Neighbors said that the dogs were taken away Aug. 19 by the Pennsylvania Society for the Prevention of Cruelty to Animals after they attacked two neighborhood residents, but they were returned three days later.
"Honestly, they should put them to sleep," said Ramos' son, Pedro Ramos, 23, standing in front of a memorial to his mother. "That was unnecessary.
"It's the SPCA's fault, too, because they shouldn't have given the dogs back to them. It's 50-50, [the dogs] and the SPCA. Everybody complains about the dogs."
A PSPCA spokeswoman referred all inquiries to Brian Abernathy, chief of staff to Managing Director Richard Negrin, who oversees the city's animal-control services.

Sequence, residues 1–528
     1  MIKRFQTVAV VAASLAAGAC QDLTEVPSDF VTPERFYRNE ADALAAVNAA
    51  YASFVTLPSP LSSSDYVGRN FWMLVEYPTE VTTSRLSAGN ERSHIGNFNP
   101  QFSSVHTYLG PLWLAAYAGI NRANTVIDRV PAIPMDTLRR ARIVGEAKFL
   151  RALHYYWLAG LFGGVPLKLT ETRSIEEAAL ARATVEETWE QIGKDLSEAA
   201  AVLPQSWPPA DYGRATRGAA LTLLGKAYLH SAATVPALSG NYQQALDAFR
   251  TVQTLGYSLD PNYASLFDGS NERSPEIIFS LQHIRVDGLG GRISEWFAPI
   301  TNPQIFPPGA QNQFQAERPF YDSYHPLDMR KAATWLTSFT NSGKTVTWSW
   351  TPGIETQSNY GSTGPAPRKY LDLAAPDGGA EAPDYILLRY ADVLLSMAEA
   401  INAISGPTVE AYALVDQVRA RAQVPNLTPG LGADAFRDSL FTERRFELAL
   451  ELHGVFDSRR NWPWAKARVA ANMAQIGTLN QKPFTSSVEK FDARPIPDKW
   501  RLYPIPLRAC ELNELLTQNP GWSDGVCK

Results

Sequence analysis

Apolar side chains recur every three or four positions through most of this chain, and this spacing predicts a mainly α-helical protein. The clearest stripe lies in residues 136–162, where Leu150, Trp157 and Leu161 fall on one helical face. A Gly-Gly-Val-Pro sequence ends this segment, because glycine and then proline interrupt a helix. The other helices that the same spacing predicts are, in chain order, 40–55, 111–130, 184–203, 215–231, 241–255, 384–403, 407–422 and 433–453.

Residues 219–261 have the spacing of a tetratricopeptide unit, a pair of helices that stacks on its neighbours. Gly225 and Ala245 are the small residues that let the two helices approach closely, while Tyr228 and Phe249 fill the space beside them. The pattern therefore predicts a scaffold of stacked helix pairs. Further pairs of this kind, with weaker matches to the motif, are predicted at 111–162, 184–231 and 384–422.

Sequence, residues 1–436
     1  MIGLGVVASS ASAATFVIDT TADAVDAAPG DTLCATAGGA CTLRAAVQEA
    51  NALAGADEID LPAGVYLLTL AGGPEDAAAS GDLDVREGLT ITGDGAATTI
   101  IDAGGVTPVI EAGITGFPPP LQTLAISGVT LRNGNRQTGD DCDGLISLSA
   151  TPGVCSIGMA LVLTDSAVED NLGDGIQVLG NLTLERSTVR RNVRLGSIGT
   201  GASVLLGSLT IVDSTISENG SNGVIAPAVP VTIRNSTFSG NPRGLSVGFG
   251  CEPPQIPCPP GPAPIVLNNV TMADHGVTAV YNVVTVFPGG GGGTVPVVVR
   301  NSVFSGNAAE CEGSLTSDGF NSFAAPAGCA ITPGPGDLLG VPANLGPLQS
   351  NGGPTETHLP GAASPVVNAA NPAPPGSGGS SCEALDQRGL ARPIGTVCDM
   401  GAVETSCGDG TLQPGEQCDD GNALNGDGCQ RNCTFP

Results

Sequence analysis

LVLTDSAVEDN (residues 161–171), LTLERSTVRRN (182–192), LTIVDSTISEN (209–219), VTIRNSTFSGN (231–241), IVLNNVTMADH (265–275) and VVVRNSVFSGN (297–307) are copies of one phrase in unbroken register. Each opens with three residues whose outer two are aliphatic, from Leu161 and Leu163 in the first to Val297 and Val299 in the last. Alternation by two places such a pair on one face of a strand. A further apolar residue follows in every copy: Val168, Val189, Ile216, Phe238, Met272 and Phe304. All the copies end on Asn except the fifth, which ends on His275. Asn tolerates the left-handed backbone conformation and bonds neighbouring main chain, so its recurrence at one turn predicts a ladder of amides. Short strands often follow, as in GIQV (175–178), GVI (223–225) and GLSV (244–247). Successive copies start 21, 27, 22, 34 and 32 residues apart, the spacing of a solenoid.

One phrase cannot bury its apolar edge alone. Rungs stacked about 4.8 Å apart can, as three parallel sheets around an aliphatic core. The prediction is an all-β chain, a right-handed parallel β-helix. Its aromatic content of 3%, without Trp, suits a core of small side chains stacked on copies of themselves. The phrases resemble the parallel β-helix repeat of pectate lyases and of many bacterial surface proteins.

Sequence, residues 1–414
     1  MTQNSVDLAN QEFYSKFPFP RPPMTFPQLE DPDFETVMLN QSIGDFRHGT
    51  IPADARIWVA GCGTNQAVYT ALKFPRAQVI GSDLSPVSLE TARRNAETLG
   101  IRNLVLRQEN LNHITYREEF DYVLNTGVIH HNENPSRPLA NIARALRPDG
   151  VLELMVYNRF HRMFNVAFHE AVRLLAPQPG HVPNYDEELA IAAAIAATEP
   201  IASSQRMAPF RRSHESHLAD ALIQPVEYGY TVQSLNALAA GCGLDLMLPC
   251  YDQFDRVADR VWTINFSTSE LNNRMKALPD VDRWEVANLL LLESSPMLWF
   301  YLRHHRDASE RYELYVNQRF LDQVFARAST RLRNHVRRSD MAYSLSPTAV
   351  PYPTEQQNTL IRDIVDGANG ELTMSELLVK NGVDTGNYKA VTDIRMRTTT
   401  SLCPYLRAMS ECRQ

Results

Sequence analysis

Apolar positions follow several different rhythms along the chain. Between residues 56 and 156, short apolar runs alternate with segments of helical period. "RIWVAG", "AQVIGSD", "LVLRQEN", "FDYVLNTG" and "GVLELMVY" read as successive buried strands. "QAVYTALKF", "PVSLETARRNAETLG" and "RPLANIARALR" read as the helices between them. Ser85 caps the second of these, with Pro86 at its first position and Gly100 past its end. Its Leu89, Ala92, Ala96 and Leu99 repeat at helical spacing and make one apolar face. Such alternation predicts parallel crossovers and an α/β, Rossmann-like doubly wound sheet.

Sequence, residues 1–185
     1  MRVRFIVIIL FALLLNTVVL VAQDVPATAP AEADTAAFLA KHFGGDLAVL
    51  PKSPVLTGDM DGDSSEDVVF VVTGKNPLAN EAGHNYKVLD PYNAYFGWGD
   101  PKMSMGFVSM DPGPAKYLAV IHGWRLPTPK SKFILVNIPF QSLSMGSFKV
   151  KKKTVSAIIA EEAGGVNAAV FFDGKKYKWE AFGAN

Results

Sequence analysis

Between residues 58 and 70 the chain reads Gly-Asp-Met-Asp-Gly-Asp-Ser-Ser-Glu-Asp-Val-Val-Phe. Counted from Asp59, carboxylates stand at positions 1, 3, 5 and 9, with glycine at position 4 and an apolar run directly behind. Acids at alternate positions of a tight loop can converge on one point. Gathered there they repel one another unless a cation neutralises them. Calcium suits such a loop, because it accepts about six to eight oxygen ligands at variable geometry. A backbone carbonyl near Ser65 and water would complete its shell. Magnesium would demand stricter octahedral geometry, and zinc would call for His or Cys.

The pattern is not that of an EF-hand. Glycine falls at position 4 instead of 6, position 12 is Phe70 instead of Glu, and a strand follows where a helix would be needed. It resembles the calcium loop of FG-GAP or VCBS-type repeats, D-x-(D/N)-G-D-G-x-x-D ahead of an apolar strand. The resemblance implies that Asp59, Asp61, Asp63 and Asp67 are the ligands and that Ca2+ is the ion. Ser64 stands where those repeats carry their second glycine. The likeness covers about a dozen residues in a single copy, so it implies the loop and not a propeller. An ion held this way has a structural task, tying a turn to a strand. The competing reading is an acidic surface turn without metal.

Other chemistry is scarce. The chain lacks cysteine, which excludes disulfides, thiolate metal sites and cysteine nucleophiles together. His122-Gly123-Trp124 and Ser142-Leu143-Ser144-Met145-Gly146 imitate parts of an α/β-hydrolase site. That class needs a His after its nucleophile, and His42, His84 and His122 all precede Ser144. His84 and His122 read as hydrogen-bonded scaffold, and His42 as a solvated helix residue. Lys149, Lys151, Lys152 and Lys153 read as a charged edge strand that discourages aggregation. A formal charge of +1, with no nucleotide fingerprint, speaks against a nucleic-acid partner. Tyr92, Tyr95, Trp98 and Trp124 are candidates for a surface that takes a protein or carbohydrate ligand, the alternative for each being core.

"As a policy, we don't comment on active investigations," Abernathy said.
Residents of the block wondered out loud why officials released the dogs after the bite attacks last month.
"What worried me was . . . that [the dogs] were going to grab a child and kill him before his time," said one of the victims of the first attack, Dolores Estrella, 51, speaking in Spanish. "And look what happened."
Police subdued the dogs with pepper spray before animal-control officers took them away, said the other victim, Edwin "Gus" Castro, 25,
When the dogs were returned, everybody on the block "was in shock," Castro said.